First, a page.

Weinman’s other design was for the Walking Liberty Half Dollars, like the ten cent piece, the new design was adopted in 1916. The obverse design featured an elegant full figure depiction of Liberty in a flowing dress. She walks towards a rising sun carrying a bouquet of olive branches with a flag draped across her shoulders. The reverse featured an eagle on a rocky outcropping. This design has been viewed as one of the most beautiful in the history of U.S. coinage.
MacNeil’s design for the Standing Liberty Quarter had the shortest duration within circulation. Liberty was depicted standing within a gate on the obverse, with a flying eagle pictured on the reverse. The series was cut short when the denomination was selected to commemorate the 100th anniversary of the birth of George Washington in 1932.
The famous sculptor Albin Polasek did not have any of his designs chosen. Although he remains a well known and celebrated artist, he has no coin designs to his credit.
How do you get a dollar coin to circulate? The United States government has been trying to answer this question with little measure of success for many years. Initially silver dollars were used as backing for silver certificates and did circulate within the western states where hard money was preferred.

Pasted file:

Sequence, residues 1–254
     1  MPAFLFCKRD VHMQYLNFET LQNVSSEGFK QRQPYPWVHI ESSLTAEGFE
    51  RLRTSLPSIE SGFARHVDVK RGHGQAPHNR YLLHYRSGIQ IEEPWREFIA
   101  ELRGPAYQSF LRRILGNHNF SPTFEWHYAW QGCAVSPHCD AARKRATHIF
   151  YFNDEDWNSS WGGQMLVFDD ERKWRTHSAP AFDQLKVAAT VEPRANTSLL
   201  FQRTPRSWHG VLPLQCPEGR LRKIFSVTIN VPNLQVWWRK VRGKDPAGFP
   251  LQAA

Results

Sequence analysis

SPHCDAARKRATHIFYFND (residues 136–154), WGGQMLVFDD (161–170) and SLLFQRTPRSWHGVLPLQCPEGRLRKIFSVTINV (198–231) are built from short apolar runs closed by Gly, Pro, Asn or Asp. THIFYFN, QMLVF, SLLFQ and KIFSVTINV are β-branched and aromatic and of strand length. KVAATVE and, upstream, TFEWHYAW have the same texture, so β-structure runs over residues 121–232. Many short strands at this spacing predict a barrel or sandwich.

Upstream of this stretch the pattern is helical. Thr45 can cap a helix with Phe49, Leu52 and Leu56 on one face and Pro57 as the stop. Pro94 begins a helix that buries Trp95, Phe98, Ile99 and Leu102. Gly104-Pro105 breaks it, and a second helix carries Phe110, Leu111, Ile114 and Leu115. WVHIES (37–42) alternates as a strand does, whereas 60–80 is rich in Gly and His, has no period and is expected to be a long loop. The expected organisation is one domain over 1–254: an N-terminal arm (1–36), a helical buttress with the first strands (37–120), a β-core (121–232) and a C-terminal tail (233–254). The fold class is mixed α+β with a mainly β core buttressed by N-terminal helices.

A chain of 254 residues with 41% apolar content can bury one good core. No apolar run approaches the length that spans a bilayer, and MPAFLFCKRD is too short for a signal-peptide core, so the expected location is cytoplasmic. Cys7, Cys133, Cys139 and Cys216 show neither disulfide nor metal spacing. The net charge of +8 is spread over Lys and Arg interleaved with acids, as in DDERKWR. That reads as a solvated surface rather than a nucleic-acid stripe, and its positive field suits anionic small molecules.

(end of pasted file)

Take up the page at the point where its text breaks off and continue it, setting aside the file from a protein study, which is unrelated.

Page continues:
Five years after the silver content was removed from circulating coinage, the US Mint issued the first dollar coins struck in a composition of copper and nickel. The Eisenhower Dollars had the same 38.1 mm diameter that had been used for actual silver dollars, despite containing no precious metal content. Although the Ike Dollar was minted for eight years, it did not widely circulate since it was viewed as too heavy and bulky to be practical.
In 1979, the US Mint attempted to solve the problem of size by shrinking the dollar coin. The Susan B. Anthony Dollar would have a diameter of only 26.5 mm. The weight was reduced from 22.68 grams for the prior series to only 8.1 grams. At the time of release, the convenience compared to the old dollar coin and current paper dollar notes was touted.
The efforts were for naught, as the reduced size replaced inconvenience with confusion. Since the coins were close in diameter to the quarter dollar, which was 24.3 mm, the public was quickly frustrated with the new Susan B. Anthony Dollars and shunned them in retail transactions. circulating coin production took place for two years before being halted. The coins were minted only for collectors for one more year in 1981, with an additional odd reprise in 1999.